Drugmakers and distributors that settled misconduct allegations related to the national opioid epidemic led to a banner year for class-action plaintiffs in 2022, with 15 settlement agreements that totaled $1 billion or more, according to a report by the Duane Morris law firm.
The number of billion-dollar settlements set a new annual record, surpassing even the extent of settlements from Big Tobacco litigation two decades ago, said Gerald L. Maatman Jr., a Duane Morris partner in Chicago and a general editor of its annual Class Action Review.
“The numbers today dwarf the numbers from back then,” Maatman said. “There’s this notion of social inflation. Juries today, post-pandemic, are very different from juries prior to the pandemic.”
Opioid litigants dominated the list of billion-dollar settlements in 2022. McKesson agreed to pay $7.4 billion to settle national litigation over prescription drug abuse. AmerisourceBergen, Cardinal Health, Walgreens, Purdue Pharma, Johnson & Johnson, CVS Pharmacy, Teva Pharmaceuticals, Walmart, Abbvie also settled class-action lawsuits for more than $1 billion each.
In aggregate, class-actions and government enforcement lawsuits against opioid manufacturers, retailers and distributors garnered more than $50 billion in settlements for the year. When the final tally is completed over the next several years, the total for opioid settlements may top $100 billion, the report says.
Plaintiffs’ attorneys set the table for even more billion-dollar settlements in coming years. The plaintiff’s bar succeeded in class certification motions 77% of the time in 2022, a success rate that requires corporate clients to endure, at the very least, an expensive discovery process.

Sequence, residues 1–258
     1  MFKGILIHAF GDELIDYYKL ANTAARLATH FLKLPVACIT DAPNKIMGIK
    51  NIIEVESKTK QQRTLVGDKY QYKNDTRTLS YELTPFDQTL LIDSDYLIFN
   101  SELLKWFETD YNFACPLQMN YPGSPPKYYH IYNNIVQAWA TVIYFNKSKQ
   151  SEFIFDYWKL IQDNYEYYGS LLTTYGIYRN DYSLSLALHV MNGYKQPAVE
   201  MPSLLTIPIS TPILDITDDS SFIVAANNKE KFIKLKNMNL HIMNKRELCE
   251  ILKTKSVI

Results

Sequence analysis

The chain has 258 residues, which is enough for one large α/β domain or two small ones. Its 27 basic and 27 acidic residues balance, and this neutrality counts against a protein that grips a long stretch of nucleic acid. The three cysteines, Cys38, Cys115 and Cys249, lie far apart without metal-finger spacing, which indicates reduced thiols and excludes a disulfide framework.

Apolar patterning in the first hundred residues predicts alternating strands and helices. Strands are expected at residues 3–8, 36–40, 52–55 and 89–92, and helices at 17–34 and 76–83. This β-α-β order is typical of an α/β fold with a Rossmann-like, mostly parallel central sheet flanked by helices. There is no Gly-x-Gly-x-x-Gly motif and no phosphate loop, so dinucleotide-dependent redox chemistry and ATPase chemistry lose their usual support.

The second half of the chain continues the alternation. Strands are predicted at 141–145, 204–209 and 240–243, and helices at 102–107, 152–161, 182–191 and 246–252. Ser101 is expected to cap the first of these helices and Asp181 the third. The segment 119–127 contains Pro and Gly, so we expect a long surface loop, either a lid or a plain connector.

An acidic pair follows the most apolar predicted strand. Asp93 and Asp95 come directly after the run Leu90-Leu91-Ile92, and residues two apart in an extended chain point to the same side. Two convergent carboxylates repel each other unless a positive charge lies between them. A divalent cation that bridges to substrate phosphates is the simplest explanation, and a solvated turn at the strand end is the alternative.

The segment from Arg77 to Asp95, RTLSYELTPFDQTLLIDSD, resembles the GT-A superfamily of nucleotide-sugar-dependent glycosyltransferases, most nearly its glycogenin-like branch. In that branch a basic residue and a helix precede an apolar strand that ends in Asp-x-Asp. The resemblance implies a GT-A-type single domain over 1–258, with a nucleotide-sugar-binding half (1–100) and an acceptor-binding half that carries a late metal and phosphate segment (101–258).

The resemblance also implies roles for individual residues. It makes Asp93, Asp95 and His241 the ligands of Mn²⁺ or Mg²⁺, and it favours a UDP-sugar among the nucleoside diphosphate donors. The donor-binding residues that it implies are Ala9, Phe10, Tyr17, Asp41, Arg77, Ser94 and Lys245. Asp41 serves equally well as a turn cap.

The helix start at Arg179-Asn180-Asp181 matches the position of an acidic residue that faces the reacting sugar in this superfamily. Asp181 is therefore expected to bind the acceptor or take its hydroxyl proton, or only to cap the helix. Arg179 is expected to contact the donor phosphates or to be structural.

Maatman said class-certification often entices defendants to settle cases to avoid the cost of further litigation. He said cases that are certified rarely go to trial.
“In class-actions, class certification is like the holy grail,” he said.
And because class-action lawsuits are big cases that promise big payouts, they tend to attract talented legal professionals who know how to make a case stick, Maatman said.
The report says privacy violations will likely continue to provide a rich target for class-action litigation this year. While the federal government hasn’t made any policy changes favorable to the plaintiff’s bar, several states have passed new laws that protect consumers from privacy intrusions. Illinois, for instance, passed the Biometric Privacy Act in 2008.
Class-action lawsuits alleging BIPA violations first made headlines in 2018. The report says the minefield is becoming more treacherous as other states consider “copycat” statutes. Biometric privacy lawsuits are not considered a top compliance priority for businesses nationwide.
The past year also saw a wave of wiretapping violation lawsuits that targeted companies that use technologies that track user activity on their websites, based on the theory that such practices violate electronic interception provisions of various state laws when done without consent.
While Congress has not enacted any new data privacy requirements, many states have adopted their own rules. New privacy laws take effect in California, Colorado, Connecticut, Utah and Virginia this year.
“Companies can expect an exponential increase in these types of class actions in 2023,” the report says.
The 456-page report can be ordered here.
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